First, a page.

Republican Gov. Greg Abbott of Texas, a supporter of President Trump, on Thursday said the administration’s new tariffs on steel and aluminum imports could threaten future economic growth in the state and across the country.

“I urge you to reconsider these tariffs in light of the unintended negative consequences for American industries,” Abbott said in a letter to the president.

Fears of an international trade war have simmered since the Trump administration announced a 25% tariff on imported steel and a 10% tax on aluminum imports, including leading U.S. allies Mexico, Canada and the European Union. Oil and gas trade associations, traditional supporters of GOP policies, also have voiced alarm.

“According to U.S. Census data, Texas accounted for more than $8.3 billion in steel and aluminum imports last year, which is more than double any other state,” Abbott wrote. “These steel and aluminum imports are crucial for the construction and maintenance of drilling wells, pipelines and other infrastructure that are the backbone of our oil and gas industry.”

Constructing “significant portions of this infrastructure depends on certain types of steel for which there is no U.S. manufacturer,” he said, noting that industry experts have estimated the new tariffs could dramatically increase the costs of completing wells in onshore formations and building more liquefied natural gas production lines.

Abbott commended Trump initially in the letter for “updating and modernizing” U.S. trade policies. “These efforts, coupled with your administration’s tax cuts and regulatory reforms, make this an exceptional time for American businesses and mark the beginning of a new era of economic prosperity for the United States.” Texas, Abbott said, is committed to leading the way to bolster U.S. industries and protect jobs.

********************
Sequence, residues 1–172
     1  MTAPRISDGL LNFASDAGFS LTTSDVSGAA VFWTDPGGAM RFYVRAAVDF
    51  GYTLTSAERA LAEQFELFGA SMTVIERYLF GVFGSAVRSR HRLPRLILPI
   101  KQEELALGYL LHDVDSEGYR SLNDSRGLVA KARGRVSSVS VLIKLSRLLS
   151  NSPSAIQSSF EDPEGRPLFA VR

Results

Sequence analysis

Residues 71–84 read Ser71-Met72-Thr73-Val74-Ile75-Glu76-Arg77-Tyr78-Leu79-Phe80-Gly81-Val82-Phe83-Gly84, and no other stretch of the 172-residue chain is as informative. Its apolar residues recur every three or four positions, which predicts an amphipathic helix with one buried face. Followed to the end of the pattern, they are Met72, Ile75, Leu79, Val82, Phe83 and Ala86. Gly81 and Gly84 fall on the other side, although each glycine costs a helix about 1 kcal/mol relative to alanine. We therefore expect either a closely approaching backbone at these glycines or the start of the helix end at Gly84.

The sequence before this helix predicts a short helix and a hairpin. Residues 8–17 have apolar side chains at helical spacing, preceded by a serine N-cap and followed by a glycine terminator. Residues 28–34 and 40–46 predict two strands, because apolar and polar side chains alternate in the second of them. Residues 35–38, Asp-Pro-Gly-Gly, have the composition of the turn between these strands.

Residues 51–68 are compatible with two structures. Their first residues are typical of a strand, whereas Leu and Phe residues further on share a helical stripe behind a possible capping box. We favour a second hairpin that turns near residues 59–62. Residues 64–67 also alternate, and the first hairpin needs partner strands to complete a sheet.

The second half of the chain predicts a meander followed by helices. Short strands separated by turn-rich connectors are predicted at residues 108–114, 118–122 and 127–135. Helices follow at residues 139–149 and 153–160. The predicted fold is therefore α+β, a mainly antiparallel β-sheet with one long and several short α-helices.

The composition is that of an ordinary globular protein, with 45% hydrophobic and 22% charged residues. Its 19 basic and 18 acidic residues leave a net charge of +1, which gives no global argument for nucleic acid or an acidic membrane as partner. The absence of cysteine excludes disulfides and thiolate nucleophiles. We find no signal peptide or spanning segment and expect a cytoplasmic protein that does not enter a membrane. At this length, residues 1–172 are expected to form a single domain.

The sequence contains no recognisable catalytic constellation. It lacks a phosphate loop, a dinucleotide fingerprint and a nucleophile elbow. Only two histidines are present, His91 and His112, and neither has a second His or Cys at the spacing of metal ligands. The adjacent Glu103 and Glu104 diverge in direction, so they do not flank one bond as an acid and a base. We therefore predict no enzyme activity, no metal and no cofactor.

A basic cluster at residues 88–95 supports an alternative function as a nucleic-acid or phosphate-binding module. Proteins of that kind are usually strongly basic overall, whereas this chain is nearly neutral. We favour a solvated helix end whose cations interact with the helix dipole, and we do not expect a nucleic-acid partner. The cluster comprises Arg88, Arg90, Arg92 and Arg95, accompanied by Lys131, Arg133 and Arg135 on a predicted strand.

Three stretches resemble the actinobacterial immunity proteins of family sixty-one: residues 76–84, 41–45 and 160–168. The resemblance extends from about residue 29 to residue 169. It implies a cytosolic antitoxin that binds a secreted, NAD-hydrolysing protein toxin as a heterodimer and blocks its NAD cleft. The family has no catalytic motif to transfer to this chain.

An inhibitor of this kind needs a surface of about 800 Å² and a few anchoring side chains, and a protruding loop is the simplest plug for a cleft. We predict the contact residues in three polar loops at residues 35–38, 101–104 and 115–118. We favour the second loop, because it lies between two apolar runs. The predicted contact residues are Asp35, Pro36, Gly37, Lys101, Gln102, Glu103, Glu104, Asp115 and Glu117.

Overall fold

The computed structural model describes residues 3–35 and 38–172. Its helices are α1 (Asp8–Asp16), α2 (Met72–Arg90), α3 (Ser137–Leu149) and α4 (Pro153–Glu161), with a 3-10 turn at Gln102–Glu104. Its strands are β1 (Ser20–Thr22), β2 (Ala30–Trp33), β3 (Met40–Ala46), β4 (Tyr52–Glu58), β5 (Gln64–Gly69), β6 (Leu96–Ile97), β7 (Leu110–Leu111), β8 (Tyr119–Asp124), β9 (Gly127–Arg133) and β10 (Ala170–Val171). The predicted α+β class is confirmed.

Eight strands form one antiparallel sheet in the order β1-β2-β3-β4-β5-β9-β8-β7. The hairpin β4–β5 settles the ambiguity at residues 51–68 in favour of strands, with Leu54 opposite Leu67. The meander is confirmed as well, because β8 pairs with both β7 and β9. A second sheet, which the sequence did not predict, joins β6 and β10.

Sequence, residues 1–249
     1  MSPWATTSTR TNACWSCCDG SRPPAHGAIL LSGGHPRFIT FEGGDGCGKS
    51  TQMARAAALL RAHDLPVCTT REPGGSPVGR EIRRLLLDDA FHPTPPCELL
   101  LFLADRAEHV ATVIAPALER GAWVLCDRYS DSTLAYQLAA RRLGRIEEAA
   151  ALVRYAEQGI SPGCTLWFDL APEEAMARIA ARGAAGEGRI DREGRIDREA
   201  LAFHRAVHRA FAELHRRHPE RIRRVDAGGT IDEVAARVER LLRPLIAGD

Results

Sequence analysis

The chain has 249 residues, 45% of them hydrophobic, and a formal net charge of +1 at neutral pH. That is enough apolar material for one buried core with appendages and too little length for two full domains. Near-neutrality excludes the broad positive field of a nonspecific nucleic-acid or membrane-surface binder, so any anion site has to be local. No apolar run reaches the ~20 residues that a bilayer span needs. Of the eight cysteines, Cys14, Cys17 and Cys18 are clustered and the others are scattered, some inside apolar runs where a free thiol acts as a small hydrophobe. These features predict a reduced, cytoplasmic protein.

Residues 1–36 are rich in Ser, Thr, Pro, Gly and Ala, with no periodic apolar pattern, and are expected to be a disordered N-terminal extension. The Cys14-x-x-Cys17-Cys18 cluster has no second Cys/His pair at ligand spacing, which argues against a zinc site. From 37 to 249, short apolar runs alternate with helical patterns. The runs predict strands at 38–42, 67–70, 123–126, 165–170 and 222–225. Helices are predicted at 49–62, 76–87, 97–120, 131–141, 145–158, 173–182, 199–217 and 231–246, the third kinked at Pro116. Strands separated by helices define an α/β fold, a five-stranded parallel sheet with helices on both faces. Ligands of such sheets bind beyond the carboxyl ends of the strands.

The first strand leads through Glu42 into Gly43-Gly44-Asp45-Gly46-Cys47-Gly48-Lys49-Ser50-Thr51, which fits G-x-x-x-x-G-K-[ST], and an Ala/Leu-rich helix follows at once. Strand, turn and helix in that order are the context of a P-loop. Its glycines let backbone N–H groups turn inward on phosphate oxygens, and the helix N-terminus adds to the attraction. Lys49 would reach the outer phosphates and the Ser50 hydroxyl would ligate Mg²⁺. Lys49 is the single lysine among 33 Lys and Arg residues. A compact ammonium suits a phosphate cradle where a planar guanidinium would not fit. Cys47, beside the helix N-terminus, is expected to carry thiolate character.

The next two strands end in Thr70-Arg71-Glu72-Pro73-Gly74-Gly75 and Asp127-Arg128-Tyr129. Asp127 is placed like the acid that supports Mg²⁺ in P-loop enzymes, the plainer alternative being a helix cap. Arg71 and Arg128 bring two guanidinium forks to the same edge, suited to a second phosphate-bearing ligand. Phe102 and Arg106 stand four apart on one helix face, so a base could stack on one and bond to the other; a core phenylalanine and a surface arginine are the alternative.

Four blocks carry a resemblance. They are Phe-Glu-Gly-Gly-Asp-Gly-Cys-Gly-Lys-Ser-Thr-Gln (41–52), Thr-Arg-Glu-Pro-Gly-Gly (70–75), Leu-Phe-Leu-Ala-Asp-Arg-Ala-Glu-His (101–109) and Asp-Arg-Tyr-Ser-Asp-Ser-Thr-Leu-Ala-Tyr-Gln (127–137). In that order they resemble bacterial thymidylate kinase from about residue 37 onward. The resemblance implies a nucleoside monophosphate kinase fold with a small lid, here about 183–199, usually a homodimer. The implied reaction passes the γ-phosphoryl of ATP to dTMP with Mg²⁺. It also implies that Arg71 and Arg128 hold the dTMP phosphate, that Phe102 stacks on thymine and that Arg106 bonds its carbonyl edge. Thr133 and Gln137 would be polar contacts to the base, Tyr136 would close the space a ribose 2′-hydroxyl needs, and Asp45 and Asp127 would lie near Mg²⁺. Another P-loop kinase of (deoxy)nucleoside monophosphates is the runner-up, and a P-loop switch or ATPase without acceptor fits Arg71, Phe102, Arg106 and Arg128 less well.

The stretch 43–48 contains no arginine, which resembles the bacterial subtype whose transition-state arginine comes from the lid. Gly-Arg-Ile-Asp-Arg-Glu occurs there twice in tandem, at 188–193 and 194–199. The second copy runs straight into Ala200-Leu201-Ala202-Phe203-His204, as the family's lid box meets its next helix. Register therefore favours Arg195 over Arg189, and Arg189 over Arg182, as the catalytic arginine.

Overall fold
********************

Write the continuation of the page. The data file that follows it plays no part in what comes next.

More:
“We are extremely fortunate to be on the cusp of a second U.S. shale boom that has added jobs in oilfields across Texas and the United States.” However, for the Permian Basin to reach its full potential, he said, substantial infrastructure investment is necessary.

“If the new tariffs continue to drive up the cost of oil and gas production, America’s quest for global energy dominance could be significantly hindered.”

According to the governor, nearly 500,000 Texans work in industries that use steel or aluminum, but only around 7,600 are directly employed in producing the metals.

“Texas alone has 225,000 jobs in oil and gas exploration, production and services, which is nearly twice as many as the 140,000 jobs nationally in steel and aluminum production that the new tariffs are intended to safeguard,” said Abbott.

In addition to the steel and aluminum import taxes, tariffs are set to go into effect on roughly $50 billion worth of foreign goods beginning this summer, and “China’s retaliatory tariffs also threaten the economies of Texas and other states particularly dependent on international trade with China.”

Texas last year also exported an estimated $8 billion-plus of “tariff-eligible goods to China, the most of any state,” Abbott said, including nearly $1 billion in agricultural products. While commending Trump’s commitment to curtail “unfair trade practices and putting American businesses and workers first,” he asked the president to “consider the negative impact that the new tariffs on steel and aluminum imports and other goods will have on the economy of Texas and the nation as a whole.”